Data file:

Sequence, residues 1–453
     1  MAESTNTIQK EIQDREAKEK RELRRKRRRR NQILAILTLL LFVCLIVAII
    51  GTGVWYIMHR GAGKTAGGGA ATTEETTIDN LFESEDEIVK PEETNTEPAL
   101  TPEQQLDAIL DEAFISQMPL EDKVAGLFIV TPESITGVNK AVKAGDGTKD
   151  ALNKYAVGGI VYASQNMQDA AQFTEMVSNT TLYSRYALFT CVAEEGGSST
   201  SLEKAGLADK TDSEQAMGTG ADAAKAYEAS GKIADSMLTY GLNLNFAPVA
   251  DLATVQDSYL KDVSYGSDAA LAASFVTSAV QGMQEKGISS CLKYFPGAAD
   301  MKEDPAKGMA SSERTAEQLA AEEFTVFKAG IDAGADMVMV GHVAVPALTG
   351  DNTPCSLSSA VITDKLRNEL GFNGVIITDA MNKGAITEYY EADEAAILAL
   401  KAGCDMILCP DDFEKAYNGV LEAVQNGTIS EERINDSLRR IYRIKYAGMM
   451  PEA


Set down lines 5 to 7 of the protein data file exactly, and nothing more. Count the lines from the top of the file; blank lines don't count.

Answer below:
   151  ALNKYAVGGI VYASQNMQDA AQFTEMVSNT TLYSRYALFT CVAEEGGSST
   201  SLEKAGLADK TDSEQAMGTG ADAAKAYEAS GKIADSMLTY GLNLNFAPVA
   251  DLATVQDSYL KDVSYGSDAA LAASFVTSAV QGMQEKGISS CLKYFPGAAD